Engaging the Power of Interests

Written By Kristie Patten Koenig and Lauren Hough Williams

NYC Subways
Bearded dragons
King Tut
Shrubbery
18th century architecture
Power lines
Ukuleles
Zip codes

Just a few of the topics I now know a great deal about thanks to individuals with autism spectrum disorders (ASD).  This tendency towards unique, focused areas of interest is one of the hallmarks of individuals on the autism spectrum; however, it also touches on a vigorously debated issue. While many professionals in the field see the potential of preferred interests for individuals establishing social connections and developing feelings of competence, others argue that these interests have a negative impact on an individual’s adaptive behavior, even undermining their social success. Some educational professionals go so far as to insist that students not engage in their special interests in the classroom for fear of it having a negative impact on their learning and interactions. I’ve even been to Kindergarten classrooms where I’m met with a “This is a train free zone” sign on the door.

Historically, the autism literature has referred to the preferred interests of individuals with ASD negatively as “restricted,” “perseverative,” “circumscribed,” and “non-functional interests.” These terms are consistent with the traditional view that preferred interests are issues that need to be extinguished. It is often the intense manner in which the individuals with ASD engage in these interests that researchers have labeled as problematic. Some educators also argue that the subject matter of the interests is odd, atypical, or not age-appropriate.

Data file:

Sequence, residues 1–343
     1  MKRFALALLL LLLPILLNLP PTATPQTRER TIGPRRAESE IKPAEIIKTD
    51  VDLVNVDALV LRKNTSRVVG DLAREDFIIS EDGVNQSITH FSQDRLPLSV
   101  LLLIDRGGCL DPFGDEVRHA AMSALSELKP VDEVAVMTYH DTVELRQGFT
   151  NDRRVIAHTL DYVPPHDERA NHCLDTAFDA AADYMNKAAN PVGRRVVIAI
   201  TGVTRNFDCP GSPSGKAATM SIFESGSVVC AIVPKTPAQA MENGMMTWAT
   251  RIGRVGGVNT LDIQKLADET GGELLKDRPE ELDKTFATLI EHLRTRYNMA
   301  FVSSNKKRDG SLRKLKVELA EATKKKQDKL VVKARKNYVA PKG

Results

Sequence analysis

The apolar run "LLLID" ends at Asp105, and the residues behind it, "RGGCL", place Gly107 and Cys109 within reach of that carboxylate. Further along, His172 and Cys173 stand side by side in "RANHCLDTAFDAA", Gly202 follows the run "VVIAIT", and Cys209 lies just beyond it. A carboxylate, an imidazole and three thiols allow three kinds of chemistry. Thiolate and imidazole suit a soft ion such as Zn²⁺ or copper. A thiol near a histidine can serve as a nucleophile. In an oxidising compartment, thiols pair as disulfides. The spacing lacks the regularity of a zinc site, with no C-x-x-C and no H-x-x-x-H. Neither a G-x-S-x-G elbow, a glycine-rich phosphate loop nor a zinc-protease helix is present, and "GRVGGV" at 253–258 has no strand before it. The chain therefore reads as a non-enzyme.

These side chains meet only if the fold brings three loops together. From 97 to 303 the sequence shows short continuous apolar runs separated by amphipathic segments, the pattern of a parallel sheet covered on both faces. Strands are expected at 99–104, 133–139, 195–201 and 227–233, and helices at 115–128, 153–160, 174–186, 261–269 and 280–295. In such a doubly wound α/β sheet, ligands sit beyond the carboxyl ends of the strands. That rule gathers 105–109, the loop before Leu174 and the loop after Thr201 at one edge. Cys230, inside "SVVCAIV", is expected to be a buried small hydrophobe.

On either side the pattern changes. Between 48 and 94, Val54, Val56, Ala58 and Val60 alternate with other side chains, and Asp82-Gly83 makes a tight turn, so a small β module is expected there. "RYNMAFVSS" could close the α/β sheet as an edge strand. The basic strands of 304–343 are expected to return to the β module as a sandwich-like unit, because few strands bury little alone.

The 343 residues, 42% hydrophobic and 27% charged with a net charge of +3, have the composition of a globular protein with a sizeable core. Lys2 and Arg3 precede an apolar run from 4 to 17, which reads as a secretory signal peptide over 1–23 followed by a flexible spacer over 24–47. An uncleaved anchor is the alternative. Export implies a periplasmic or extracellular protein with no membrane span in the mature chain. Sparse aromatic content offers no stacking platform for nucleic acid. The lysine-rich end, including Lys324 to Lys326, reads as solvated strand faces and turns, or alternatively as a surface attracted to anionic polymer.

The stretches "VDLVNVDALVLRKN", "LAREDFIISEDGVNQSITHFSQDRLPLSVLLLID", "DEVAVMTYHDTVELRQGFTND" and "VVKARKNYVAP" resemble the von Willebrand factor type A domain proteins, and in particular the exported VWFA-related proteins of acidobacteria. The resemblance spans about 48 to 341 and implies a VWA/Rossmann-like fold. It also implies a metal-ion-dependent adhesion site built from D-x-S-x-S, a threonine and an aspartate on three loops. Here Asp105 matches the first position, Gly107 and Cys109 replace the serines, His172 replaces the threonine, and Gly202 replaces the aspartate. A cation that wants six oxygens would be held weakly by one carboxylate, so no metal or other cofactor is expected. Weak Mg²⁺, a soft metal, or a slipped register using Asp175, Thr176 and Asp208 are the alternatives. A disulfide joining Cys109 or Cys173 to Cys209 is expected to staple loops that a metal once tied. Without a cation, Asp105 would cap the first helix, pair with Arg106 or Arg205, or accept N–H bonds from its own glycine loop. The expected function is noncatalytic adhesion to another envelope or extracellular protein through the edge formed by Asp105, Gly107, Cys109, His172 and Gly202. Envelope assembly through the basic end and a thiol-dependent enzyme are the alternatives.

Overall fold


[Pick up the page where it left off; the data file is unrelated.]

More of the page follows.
Taking the lead from self-advocates on the spectrum, the autism field is making an important shift away from this deficit-focused perspective.  The Autistic Self Advocacy Network, a leading group of adults on the spectrum (ASAN, 2011) reconceptualizes special interests as ‘‘narrow but deep,’’ with individuals often engaging in these interests for long periods of time. Professionals are following suit.  We are changing our language from “restricted interests” to “special interest areas,” exploring the benefits of incorporating these interests, and arguing that these interests are potential strengths and that using these interests, rather than discouraging them, can lead to better outcomes.

In line with this shift, here are three different ways educators supporting students with ASD can incorporate preferred interests into their classrooms:

1) Incorporate elements of the preferred interest into an activity or content area

Teachers and therapists — think about how to work the characters, language, and visuals related to your students’ interests into your classroom content or therapeutic activities. If you are doing a read aloud about a character who has to push through a tough situation, draw a comparison to Henry in Thomas and Friends™ who needs to “just keep puffing” even when things are hard. If you are a therapist encouraging students to write in cursive rather than the more laborious print, describe cursive as “going express” rather than “taking the local” when trying to engage your transportation enthusiasts. Use enticing visuals of a student’s interest to clarify academic concepts, rebranding the traditional “brainstorming, drafting, editing” writing process as “prototyping, beta-testing, and debugging” to tap into your tech-savvy kids’ passions.